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date: 13 December 2019

Abstract and Keywords

To begin with, economics has a paradigm, as plainly exhibited by the uniformity of its textbooks. It is a commonplace that unlike every other social and behavioral science, the introductory texts in economics are all pretty much the same. By and large you could permute the problems at the ends of chapters among the five largest selling textbooks in the field and still test students' understanding of the chapters they had actually read. Second, the language of the discipline is highly mathematized. Third, the discipline has identifiable proprietary laws, albeit inexact ones, and a set of proprietary kinds, which the discipline's “discipline” requires be applied to the solution of puzzles. And it rewards most generously those who find new puzzles to which to apply the laws and concepts. This progressive expansion of the domain of economics is often decried by some social scientists as economic imperialism.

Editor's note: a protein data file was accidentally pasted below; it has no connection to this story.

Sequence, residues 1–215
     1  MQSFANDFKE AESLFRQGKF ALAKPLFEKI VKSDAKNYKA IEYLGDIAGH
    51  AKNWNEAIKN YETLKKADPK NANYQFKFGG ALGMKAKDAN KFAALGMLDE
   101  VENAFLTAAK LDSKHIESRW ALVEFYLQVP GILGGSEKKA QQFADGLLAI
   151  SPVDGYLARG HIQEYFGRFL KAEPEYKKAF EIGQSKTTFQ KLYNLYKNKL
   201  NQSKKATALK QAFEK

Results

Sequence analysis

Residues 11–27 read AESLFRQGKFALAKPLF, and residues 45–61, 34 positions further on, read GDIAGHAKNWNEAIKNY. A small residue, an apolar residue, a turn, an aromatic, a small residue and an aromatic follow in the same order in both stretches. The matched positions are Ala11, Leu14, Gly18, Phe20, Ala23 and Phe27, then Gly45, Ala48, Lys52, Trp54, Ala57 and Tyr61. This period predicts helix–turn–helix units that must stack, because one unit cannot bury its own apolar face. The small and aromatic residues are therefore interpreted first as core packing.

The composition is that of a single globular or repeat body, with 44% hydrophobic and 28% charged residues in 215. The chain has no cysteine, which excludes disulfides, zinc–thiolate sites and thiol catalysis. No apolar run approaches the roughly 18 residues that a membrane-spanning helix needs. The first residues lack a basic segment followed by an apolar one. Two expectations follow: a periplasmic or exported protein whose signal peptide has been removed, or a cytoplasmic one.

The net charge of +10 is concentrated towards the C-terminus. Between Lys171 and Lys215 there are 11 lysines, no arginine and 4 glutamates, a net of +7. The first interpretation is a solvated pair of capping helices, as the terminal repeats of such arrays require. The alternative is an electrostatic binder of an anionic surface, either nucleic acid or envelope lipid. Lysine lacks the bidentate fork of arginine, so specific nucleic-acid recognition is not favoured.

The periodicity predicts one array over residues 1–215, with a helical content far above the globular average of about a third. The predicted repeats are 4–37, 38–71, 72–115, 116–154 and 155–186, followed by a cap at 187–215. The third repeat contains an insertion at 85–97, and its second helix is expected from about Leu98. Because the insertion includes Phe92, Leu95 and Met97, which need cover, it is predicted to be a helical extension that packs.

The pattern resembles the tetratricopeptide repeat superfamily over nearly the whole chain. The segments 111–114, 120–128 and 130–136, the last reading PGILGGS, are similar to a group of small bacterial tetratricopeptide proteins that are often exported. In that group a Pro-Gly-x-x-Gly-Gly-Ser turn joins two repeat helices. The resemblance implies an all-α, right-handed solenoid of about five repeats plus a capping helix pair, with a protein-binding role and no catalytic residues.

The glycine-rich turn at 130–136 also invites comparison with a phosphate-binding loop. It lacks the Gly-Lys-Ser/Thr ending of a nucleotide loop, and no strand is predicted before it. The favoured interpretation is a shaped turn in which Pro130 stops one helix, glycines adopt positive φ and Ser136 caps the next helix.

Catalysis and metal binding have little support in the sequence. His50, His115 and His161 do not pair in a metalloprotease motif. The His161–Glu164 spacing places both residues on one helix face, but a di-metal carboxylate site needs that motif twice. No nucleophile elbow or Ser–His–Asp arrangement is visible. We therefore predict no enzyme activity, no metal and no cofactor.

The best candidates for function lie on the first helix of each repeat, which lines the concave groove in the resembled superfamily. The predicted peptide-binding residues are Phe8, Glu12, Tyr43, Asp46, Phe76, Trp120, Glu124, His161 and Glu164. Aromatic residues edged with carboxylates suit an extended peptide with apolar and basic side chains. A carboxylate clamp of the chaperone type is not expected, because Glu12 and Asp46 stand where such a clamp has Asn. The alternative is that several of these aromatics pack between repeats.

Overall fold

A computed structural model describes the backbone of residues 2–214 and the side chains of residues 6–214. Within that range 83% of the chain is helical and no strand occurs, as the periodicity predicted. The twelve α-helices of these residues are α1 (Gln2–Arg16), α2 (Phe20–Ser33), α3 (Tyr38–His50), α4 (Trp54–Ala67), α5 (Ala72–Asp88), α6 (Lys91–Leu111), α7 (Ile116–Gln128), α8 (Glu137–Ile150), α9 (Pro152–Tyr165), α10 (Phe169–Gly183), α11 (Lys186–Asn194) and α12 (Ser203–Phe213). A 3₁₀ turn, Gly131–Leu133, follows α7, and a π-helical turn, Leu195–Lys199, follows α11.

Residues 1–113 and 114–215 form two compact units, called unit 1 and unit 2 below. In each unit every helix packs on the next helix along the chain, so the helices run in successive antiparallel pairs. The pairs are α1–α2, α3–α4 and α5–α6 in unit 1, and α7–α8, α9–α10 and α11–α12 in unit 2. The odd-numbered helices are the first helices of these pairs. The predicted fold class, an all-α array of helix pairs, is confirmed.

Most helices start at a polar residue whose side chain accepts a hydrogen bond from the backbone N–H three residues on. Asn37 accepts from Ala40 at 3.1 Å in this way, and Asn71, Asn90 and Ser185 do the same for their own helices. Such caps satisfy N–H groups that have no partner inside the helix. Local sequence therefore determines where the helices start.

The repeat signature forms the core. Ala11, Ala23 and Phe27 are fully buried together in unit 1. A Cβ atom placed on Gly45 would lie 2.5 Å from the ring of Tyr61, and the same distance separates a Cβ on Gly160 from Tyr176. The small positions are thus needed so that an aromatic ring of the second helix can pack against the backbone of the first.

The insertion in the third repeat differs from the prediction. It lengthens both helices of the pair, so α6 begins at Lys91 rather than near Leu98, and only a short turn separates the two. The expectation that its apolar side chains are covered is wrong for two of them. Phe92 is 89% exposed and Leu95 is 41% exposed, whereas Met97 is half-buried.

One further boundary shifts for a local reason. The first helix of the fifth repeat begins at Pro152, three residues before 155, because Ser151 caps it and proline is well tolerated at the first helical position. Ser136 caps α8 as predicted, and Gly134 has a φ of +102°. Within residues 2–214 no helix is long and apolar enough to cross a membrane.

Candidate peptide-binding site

Keywords: economics, behavioral science, proprietary laws, social scientists, economic imperialism

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